Date of Award


Degree Type


Degree Name

Master of Science (MS)


Nutrition, Dietetics, and Food Sciences

Committee Chair(s)

Donald J. McMahon


Donald J. McMahon


Marie K. Walsh


Conly Hansen


Sliceability is a cheese’s ability to cut cleanly into thin slices, resist breakage or fracture at slices edges, and undergo a high level of bending before breaking. Intuitively, sliceability depends on the chemistry, microstructural, and rheological properties of the casein network. Currently there is no reported scientific research investigating evaluation methods of cheese slice quality, as well as properties that influence a cheese’s ability to slice.

In this study, a method for slice quality evaluation was developed on purchased cheese and performed on commercial cheeses and experimental cheeses manufactured at three different moisture contents (40.6%, 37.0%, and 33.9%). In addition, tack force, tack energy, flexibility force, G’, G”, and G* were examined to determine whether or not moisture content influences cheese sliceability. Overall, slice quality at all three moisture contents improved as storage time increased, and the high moisture cheeses produced the worst quality slices and the low moisture cheeses produced the best. Both tack energy and tack force increased with increasing moisture content, and G’, G”, and G* decreased with increasing moisture and did not change over time. Tack energy and G” were found to be slightly correlated with cheese slice quality. Flexibility force was not correlated with cheese slice quality.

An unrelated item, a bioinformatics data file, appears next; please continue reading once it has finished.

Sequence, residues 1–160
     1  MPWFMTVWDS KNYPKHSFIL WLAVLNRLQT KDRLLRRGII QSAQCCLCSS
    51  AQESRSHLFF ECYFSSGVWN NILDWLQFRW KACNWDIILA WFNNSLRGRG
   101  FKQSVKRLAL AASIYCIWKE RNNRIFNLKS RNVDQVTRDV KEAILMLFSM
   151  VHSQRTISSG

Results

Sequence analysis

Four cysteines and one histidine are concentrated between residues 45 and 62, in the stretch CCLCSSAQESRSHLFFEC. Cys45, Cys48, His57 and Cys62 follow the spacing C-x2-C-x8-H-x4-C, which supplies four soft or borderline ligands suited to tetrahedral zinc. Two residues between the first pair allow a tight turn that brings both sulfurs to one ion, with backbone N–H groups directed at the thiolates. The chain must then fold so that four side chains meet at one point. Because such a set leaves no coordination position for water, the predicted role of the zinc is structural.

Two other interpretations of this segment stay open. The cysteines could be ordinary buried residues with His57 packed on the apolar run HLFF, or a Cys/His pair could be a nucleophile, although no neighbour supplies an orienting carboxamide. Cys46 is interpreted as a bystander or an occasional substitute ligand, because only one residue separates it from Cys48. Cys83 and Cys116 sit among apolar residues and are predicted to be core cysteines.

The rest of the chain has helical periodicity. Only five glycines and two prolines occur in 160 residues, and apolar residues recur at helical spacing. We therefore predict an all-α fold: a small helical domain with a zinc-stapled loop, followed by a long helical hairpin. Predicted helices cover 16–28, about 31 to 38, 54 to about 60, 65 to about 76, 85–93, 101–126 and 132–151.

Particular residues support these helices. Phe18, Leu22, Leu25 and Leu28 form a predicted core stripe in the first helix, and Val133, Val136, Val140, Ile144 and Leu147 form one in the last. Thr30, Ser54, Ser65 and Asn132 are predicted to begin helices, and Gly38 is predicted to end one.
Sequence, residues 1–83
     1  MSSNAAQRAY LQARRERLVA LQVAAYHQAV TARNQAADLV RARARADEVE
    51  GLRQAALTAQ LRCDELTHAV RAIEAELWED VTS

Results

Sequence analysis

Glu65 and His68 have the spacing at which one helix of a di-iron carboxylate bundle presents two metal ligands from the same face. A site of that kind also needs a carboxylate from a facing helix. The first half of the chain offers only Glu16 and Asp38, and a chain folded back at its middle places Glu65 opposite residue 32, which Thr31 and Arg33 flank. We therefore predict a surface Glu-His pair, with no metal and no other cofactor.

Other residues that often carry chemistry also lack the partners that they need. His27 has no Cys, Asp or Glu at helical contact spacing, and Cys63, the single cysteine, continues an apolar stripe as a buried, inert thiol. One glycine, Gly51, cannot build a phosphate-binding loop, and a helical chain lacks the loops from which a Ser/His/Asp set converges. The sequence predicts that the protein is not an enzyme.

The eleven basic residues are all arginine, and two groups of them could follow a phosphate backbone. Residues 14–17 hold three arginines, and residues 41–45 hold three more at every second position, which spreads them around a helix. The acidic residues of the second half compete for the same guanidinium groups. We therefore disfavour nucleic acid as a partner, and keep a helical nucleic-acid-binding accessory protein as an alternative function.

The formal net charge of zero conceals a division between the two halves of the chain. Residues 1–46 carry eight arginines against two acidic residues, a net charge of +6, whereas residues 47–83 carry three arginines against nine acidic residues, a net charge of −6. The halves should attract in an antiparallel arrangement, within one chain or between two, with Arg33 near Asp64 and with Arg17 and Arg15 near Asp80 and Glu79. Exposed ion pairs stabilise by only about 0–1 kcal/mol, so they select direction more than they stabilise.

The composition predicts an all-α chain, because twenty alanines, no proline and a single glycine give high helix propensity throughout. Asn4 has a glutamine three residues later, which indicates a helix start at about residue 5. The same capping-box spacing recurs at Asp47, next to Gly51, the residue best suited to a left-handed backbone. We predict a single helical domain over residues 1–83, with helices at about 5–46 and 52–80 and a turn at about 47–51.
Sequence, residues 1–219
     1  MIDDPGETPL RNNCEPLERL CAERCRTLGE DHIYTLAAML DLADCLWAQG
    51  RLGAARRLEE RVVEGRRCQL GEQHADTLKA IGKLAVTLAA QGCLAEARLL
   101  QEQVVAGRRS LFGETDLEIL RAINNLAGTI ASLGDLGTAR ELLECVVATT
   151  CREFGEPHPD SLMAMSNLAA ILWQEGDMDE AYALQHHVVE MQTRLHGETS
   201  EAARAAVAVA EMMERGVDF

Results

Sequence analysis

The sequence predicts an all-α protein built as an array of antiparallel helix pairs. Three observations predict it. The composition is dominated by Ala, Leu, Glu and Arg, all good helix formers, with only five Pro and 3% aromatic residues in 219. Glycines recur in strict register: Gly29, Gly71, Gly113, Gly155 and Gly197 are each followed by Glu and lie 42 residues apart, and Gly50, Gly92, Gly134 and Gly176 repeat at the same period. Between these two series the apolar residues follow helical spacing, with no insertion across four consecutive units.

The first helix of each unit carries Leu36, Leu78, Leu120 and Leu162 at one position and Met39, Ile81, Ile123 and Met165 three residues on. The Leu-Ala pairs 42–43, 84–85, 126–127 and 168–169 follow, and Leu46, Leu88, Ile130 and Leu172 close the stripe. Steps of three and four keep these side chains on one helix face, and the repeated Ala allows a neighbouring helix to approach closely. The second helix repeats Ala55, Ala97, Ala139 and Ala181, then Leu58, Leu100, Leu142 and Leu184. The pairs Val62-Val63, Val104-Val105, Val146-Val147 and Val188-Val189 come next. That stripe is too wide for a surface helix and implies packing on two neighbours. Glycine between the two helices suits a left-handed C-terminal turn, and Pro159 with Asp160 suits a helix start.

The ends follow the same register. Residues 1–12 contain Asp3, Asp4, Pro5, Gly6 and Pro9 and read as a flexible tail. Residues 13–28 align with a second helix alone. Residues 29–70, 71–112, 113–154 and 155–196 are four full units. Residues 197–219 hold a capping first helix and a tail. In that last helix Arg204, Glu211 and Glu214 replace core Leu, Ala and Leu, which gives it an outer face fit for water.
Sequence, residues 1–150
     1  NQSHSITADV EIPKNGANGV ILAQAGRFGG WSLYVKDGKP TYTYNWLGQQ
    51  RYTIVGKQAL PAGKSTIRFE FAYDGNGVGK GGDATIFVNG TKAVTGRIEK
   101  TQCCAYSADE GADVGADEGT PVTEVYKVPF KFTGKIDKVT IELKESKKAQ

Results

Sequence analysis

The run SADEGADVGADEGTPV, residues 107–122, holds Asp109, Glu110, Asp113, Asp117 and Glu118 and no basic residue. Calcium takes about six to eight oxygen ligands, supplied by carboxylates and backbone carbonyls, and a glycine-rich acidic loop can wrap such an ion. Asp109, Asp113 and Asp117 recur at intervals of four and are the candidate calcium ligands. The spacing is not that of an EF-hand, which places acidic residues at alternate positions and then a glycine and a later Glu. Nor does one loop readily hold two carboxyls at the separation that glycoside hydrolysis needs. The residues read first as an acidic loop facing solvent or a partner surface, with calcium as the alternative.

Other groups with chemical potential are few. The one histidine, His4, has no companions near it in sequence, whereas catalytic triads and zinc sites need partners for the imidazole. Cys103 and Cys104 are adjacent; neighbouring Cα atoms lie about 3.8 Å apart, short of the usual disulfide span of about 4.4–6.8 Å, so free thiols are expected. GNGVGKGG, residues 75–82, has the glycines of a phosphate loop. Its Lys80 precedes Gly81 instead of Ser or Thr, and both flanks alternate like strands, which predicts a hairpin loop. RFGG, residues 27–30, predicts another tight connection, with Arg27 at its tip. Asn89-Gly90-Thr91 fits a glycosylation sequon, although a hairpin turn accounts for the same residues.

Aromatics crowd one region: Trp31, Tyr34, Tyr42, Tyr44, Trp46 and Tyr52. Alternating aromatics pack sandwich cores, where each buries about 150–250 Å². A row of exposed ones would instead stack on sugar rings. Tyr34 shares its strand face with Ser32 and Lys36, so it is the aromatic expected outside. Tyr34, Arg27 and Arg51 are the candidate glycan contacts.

Moisture and storage time, as well their interaction, had significant effects on dependent variables, potentially indicating that a higher moisture cheese texture changes differently compared to medium and low moisture cheeses during storage. Correlation tests did not express a strong connection between moisture content, age, and cheese slice quality, overall. This research lays the foundation for future slice quality evaluation, and is a starting point upon which other companies and scientists can build.


This work made publicly available electronically on June 10, 2012.